By Emma Sutcliffe
Let me tell you about my morning.
I got up, turned the bathroom light and fan on, had a shower, dried my hair and then used the straightening iron to get rid of the annoying kinks. Bedroom and hallway lights went on before I fired up the oil heater in my daughter’s room, which is always quite chilly in winter despite the insulating layer of boy band posters on the wall.
I stoked the fire and put the fan on, Red Symons started squawking from the radio, the microwave pinged as three bowls of porridge were cooked, a load of washing went on and the fridge opened and closed a dozen or so times while I made school lunches.
Now, I won’t continue to bore you with the minutiae of our typical weekday routine because I’m sure you get enough of that from your more annoying Facebook friends.
The point I’m trying to make is that we’re an average family doing everyday things. The only difference between your morning and ours is that you’re probably pulling your power from the grid.
Generally, when I tell people that our family-sized, 38 square home in semi-rural Little River, west of Melbourne, is completely solar powered, they think I mean we feed power back into the grid. Others, once I’ve explained that we have no physical grid connection, don’t quite believe it’s possible to have total freedom from energy costs.
And, strictly speaking, it’s not. But it is possible to have freedom from energy companies.
In 2012 when we started to build on the 17 acres we’d purchased in Little River six years earlier, it marked the start of our off-grid adventure. We’d spent considerable time trying to find an alternative to a grid connection quote upwards of $30,000 for a new power pole, 400 metres of trenching, conduit and cabling with the added cost of ongoing quarterly power bills.
The answer lay in 30 shiny PV panels (total of 5.5kW), a main AC switchboard Selectronic SP Pro 7kW inverter charger, a Kaco 6002 5kW inverter and a 24 cell 48v flooded lead acid (FLA) battery bank.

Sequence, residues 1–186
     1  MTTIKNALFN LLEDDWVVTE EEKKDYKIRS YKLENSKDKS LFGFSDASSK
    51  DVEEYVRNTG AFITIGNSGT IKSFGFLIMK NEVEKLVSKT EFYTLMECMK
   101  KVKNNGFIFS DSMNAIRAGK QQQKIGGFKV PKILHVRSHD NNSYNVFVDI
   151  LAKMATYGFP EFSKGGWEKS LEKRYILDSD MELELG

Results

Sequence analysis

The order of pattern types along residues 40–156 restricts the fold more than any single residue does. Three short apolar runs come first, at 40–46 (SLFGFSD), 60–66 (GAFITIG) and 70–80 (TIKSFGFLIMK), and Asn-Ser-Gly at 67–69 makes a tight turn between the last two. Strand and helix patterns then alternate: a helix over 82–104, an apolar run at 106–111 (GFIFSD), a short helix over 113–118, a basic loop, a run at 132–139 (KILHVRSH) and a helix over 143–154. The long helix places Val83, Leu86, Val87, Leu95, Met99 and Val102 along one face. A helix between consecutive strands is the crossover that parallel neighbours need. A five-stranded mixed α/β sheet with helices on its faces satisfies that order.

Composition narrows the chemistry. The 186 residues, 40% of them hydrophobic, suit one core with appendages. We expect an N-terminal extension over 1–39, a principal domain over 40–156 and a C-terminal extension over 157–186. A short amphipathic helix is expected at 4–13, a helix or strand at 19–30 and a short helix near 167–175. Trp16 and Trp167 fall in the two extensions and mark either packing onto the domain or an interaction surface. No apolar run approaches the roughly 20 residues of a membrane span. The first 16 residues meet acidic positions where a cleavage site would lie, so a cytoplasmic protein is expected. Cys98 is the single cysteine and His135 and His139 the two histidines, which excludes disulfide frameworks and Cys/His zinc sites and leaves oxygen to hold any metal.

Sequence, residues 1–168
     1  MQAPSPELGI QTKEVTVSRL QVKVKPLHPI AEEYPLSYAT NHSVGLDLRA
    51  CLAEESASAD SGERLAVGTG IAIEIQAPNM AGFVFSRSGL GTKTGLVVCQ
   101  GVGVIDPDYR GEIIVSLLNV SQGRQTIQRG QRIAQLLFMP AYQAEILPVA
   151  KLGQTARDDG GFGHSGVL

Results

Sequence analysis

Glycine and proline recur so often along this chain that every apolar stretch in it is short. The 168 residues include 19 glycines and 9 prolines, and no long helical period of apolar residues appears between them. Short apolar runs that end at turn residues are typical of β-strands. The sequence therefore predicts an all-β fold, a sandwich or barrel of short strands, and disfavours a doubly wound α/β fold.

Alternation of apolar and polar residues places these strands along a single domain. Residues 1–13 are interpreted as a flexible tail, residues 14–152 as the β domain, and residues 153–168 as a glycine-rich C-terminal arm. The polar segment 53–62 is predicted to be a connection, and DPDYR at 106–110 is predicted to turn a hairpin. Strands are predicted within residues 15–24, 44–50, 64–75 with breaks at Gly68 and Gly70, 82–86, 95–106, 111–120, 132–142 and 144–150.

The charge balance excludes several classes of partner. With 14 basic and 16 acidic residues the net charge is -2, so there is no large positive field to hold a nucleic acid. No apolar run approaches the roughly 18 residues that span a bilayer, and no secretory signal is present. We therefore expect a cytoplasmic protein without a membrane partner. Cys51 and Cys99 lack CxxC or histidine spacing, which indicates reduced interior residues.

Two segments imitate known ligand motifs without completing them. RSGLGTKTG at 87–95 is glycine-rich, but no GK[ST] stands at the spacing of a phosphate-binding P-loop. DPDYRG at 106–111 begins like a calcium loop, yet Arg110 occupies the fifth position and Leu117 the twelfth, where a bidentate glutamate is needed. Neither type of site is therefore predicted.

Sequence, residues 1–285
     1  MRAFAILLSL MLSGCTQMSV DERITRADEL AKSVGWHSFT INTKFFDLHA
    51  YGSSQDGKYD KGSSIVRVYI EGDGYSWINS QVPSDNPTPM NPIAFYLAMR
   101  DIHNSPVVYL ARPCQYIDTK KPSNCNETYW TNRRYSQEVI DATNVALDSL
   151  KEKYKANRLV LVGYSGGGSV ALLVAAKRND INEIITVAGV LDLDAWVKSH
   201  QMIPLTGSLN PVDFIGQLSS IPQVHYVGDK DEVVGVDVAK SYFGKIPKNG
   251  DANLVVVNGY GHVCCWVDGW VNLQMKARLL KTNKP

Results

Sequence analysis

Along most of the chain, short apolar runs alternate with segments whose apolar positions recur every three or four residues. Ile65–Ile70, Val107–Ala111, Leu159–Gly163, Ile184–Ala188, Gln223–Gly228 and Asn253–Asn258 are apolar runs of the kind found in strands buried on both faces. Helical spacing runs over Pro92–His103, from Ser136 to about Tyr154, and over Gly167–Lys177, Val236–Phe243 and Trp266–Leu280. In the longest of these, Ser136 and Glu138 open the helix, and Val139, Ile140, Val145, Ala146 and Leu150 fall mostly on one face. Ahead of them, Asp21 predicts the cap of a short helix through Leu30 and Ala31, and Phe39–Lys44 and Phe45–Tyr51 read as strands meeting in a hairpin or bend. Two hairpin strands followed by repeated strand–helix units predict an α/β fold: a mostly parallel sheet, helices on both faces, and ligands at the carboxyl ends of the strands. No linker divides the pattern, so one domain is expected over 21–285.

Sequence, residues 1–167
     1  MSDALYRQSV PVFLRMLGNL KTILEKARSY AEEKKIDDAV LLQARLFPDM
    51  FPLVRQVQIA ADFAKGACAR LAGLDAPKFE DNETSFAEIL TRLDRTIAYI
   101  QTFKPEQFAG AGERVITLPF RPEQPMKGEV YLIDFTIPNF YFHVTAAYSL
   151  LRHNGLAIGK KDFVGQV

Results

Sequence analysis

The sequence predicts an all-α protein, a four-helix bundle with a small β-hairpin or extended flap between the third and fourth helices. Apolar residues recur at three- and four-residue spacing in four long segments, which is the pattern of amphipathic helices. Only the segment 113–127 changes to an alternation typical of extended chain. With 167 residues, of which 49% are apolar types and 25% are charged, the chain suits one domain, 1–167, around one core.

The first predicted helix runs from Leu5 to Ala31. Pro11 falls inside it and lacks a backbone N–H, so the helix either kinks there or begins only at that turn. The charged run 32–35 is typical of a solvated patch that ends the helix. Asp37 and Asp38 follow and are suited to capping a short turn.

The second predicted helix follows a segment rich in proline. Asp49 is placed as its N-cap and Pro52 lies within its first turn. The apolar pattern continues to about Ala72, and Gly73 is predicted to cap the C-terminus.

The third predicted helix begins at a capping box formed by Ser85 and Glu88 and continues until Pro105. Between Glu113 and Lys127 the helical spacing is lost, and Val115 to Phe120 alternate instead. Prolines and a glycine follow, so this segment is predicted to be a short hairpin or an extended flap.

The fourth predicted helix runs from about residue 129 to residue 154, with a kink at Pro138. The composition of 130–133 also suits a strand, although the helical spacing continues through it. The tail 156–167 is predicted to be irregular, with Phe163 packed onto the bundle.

It’s a beautiful thing, this grouping of parts and components that, when connected as a whole, creates a perfectly serviceable personal power station. For me, helping to lug each battery cell into place in our garage – literally, a tonne of weight in total – it represented a lifestyle I wanted and that other people tell me they dream of.
But before I get carried away with rose-tinted poetic musings of energy autonomy, I must explain that this off grid goodness isn’t for everyone.
Our system cost $60,090, with around $7500 in government rebates for selling our renewable energy certificates (RECs) so someone else could pollute with impunity. Not ideal, but hey, a mortgage is a mortgage.
And it took a bit of getting used to. In fact, for the first few months my husband and I had minor anxiety attacks every time the kids wanted to switch the TV on. A path was worn from the living area to the mud room where the wall mounted battery monitor is, checking and rechecking battery state of charge (SOC) before giving our permission for the Dr Who DVD box set to go on. We could have connected a back-up generator, but just didn’t have the money at the time (did I mention the mortgage?) so were ultra careful to not let the SOC drop too low in order to help prolong battery life.
Pretty soon though, the anxiety wore off and the expense was tucked away on our home loan, which we’ll hopefully pay off before retirement. These days, almost two years on, we consume power like everyone else; on demand. And we still haven’t connected that back up generator, because we just don’t need it.
I consider people like my family and others in Australia to be the off-grid solar guinea pigs. And not tie-dye wearing, dread-locked guinea pigs either. The off-gridders I’ve spoken to are business suit-wearing teachers, civil servants, builders, engineers and journalists and I’m yet to hear any of them say they’ve compromised their lifestyle to live this way.
While off-grid isn’t yet viable for most, here’s my two cents worth; despite the damage our federal government is doing to the renewables sector, the cost of storage will eventually reduce enough for all those people dreaming of freedom from energy companies. We’ll see an explosion in consumers rethinking their energy consumption and their reliance on the grid.
Whether this takes the form of stand alone systems or community based storage banks, the future of affordable off-grid living is now being shaped. And I look forward to you joining us.
Emma Sutcliffe blogs about her family’s experiences at www.theoffgridsolarhouse.com